Cushendall can grind to another Volunteer Cup success
Antrim Senior Hurling Championship final: Ruairi Og, Cushendall v Loughgiel Shamrocks (tomorrow, Ballycastle, 3pm)
PAIRC MacUilin has not been a happy hunting ground for Cushendall in recent years and they will be looking for a change in fortune as they attempt to avoid a third final loss in a row when they meet Loughgiel tomorrow afternoon.
This will be the fifth time in six years that the Ballycastle venue has hosted the decider ever since Casement Park was knocked out of action. The Cushendall players have driven through the gates dreaming of glory and back out it a few hours later with those same dreams shattered on three of the four previous occasions.
Loughgiel powered past them in 2013 while the same opposition defeated them there in 2016. Last year it was the turn of Dunloy to celebrate on the Ballycastle turf.
The exception to the rule came in 2014 when they defeated St Gall’s, but they did enter that match as 1/12 shots to lift the Volunteer Cup.
Perhaps some of their negative energy surrounding the venue disappeared two weeks ago as they defeated St John’s in a pulsating semi-final replay.
In the drawn encounter in Dunloy, the Johnnies led by five points with as many minutes remaining before Eamon Gillan’s side staged a storming comeback with Alex Delargey grabbing a crucial goal from the bench.
It sparked memories of a similar escapade against the same opposition three years previous when they were six points down late on. However, goals from Neil McManus and Shane McNaughton allowed them to remain on a journey that would eventually end at Croke Park the following March.
The replay in Ballycastle two weeks ago was just as entertaining with Conor Carson grabbing both their goals in a 2-16 to 3-11 win to earn their place in tomorrow’s showpiece event.
Amidst all that drama, Loughgiel had a surprisingly easy task of securing a final spot as they dethroned Dunloy following a fine 0-14 to 0-8 win in horrendous conditions.
Shamrocks manager Johnny Campbell got his tactics spot on as his players’ manic work-rate allowed them to plug the gaps in defence thus denying Dunloy the sort of space they usually thrive in.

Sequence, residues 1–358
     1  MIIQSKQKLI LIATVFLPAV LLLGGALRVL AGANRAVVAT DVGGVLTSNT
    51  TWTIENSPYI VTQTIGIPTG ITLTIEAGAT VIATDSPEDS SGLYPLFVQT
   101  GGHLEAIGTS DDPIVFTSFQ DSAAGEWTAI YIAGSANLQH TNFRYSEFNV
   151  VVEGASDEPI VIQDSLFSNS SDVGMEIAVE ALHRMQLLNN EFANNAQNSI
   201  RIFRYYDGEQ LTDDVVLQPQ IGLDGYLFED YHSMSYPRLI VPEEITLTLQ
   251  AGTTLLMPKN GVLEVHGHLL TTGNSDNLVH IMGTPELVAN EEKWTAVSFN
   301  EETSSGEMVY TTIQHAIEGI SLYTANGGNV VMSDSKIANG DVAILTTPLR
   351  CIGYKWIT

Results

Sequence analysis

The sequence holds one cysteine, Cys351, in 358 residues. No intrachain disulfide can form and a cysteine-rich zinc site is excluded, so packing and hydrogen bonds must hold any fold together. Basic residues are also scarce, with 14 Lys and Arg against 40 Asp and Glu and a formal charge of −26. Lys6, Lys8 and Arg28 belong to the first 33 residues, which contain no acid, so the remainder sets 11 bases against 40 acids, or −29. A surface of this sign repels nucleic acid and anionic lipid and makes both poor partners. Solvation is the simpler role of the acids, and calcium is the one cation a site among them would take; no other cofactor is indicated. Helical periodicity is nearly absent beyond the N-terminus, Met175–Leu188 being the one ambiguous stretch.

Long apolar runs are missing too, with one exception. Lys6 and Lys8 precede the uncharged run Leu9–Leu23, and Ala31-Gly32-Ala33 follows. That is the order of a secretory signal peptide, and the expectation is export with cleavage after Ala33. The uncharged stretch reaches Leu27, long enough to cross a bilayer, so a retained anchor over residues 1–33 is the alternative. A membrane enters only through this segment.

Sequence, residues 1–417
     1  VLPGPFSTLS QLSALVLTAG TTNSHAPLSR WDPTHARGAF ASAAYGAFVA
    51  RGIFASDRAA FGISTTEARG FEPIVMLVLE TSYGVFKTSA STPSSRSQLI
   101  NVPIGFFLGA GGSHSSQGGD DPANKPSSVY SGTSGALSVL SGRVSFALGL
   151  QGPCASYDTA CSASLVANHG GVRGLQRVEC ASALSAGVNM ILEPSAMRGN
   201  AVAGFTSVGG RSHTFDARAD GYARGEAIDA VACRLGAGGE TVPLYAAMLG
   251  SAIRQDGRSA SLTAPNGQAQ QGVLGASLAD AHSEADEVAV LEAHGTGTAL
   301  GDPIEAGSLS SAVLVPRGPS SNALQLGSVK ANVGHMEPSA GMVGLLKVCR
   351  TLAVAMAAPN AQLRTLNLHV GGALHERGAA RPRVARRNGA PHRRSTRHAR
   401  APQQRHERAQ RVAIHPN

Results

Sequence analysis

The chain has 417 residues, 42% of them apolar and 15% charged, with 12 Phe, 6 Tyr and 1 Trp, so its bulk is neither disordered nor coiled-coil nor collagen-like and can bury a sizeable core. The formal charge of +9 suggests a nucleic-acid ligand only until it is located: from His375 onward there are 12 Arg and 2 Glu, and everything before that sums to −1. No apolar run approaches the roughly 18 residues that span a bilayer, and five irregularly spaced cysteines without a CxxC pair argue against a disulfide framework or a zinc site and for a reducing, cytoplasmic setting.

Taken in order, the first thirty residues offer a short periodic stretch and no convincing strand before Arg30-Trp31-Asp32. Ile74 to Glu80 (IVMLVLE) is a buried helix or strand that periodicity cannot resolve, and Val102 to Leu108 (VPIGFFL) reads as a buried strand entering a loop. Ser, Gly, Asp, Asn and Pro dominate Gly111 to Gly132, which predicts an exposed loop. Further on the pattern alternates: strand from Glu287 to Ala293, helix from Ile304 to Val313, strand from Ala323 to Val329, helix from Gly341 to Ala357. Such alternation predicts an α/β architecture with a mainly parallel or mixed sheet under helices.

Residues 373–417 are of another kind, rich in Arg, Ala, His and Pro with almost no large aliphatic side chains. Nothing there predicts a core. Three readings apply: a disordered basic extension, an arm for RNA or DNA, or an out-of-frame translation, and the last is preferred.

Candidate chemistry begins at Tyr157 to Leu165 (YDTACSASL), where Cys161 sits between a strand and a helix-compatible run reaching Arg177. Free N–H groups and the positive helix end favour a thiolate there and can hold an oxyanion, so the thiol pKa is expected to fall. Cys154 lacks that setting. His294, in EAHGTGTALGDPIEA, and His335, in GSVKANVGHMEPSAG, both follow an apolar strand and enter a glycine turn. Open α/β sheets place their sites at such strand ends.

They managed to keep the Cuchcullain’s out for the final 16 minutes and with James McNaughton, Joey Scullion and Shay Casey tagging on scores at the other end, they were able to comfortably close out the contest.
McNaughton grabbed over half of their scores as he showed superb accuracy from frees despite the horrible wind. Campbell will hope that they can score more freely in what is expected to be cold but calmer conditions even taking into account how exposed the Ballycastle pitch can be.
The replay in the other semi-final also gave them another week to prepare as Campbell plots another tactical triumph. It didn’t hurt on the injury front either with Barney McAuley now the only player likely to miss out.
You have to go all the way back to 2008 for the last time they lost to Cushendall in the final with the score 4-0 in their favour since, but this is only their second final appearance in five years. Prior to 2003 was the last time that they were so infrequently involved.
In that ’03 defeat to Dunloy, they were managed by a certain Eamon Gillan and that’s another interesting sub-plot to this weekend’s encounter.
Although he has long resided in Cushendall, he should have some inside knowledge on his native club even if they task of plotting their downfall remains an unusual feeling.
He would have parked those conflicting emotions in an effort to find a way to beat the Shamrocks. Undoubtedly the key is to get his attack firing against such a disciplined defence, something that Dunloy were unable to do last time out.
‘Patience’ will probably be the buzzword in the Ruairi Og dressing room. They have the firepower to win, they just need to be clever in their play. Conor Carson brings a physicality to that attack while McManus, Delargey and Donal McNaughton are all capable of scoring heavily.
Eoghan Campbell (broken wrist) will miss out for the side though, a significant blow to their ambitions.
This has been a memorable year for the Antrim Championship. The new format brought something fresh to proceedings while drama has not been in short supply in the knock-out stages.
This match seems made for more of the same. You’d have to go all the way back to 2010 for the last one-point final with the seven instalments since being won by three points or more.
This could break that run though. It’s unlikely to be high scoring but it is likely to be tight – and Cushendall have shown enough to suggest that they can come through another tight encounter.